I’ve been putting in the hours at the gym sauna lately, committed as I am to shedding my person of built-up toxins.

The sauna at my gym can best be described as “traditional,” with a heating element covered in rocks to help heat the room. It’s comfortable (if a room heated to 150 degrees can be described thusly) and seats 6, but every time I’m in it and the traffic is coming and going I fantasize about having my own.

Coincidentally last weekend saw me strolling up and down the aisles at the New England Home Show in Boston and turn in at the Health Mate booth, where I was given a short education on the differences in the many infrared sauna systems available on the market.

Here’s one thing I didn’t know: In a traditional sauna the sweat produced by the body is 97% water and 3% waste. In an infrared sauna those numbers are 80% water and 20% waste. I also found out that near and middle infrared wavelengths are ineffective on the human body, so a far infrared heater that emits the far infrared evenly is something to look for. Here’s where it gets interesting. A consumer really has to look at the claims made by any given sauna, particularly when it comes to the microns it claims to emit. A far infrared sauna that claims to emit, say, 9 to 14 microns might be fibbing, as the heater would have to be at a temperature of 100 degrees or lower to emit 9 microns. 100 degrees isn’t hot enough to get a person to sweat, so the literature could be intentionally misleading, preying upon those consumers who think more is more.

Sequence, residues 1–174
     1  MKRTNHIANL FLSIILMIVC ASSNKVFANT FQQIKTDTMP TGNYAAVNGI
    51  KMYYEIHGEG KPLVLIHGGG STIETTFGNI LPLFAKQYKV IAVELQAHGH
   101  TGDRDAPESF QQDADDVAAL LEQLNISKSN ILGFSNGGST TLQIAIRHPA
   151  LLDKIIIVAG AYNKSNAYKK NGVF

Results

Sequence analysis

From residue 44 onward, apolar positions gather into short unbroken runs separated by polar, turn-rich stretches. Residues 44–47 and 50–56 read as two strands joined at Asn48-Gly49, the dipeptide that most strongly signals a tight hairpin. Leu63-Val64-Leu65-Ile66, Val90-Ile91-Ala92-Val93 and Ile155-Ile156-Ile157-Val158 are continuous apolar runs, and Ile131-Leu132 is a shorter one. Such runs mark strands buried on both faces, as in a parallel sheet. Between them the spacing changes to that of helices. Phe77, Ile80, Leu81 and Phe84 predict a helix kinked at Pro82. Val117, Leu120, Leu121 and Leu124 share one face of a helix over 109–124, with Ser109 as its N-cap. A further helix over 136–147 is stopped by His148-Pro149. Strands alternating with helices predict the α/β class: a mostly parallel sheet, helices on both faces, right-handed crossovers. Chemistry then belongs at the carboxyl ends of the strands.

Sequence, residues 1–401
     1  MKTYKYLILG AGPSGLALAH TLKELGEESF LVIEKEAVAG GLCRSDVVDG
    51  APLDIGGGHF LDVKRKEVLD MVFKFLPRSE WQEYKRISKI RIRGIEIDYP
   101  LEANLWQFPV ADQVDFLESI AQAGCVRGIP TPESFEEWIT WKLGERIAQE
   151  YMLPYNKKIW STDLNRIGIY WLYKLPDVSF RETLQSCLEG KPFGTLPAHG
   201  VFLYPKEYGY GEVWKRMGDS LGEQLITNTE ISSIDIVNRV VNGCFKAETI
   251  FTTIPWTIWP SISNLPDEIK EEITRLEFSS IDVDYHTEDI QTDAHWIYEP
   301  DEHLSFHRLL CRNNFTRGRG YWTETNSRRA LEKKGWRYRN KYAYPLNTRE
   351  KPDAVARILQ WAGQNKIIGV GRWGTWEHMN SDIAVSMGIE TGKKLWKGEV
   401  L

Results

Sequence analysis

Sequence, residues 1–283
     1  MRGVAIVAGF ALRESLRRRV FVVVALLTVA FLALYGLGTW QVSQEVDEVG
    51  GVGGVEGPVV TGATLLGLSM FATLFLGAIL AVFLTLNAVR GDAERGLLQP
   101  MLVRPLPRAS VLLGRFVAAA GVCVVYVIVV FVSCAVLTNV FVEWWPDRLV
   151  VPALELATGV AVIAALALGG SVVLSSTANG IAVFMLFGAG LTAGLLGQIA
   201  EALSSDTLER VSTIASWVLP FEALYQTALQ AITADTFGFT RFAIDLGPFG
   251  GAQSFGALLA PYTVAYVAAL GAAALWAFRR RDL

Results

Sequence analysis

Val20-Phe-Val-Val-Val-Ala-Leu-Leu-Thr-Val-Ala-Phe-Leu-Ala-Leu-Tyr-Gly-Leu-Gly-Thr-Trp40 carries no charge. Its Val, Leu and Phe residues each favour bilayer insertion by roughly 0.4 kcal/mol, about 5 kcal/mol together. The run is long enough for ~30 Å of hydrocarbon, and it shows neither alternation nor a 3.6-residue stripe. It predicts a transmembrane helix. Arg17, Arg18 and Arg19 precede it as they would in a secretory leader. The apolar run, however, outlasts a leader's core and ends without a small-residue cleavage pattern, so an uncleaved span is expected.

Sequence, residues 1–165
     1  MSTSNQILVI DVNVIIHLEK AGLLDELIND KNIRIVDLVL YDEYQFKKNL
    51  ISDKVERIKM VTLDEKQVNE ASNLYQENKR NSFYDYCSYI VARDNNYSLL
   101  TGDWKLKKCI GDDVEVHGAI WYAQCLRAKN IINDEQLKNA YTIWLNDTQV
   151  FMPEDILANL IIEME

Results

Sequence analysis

Bottom line: do your research before making this purchase (which can be fairly substantial.) Here’s a short article on saunas to get you on your way.

Home Saunas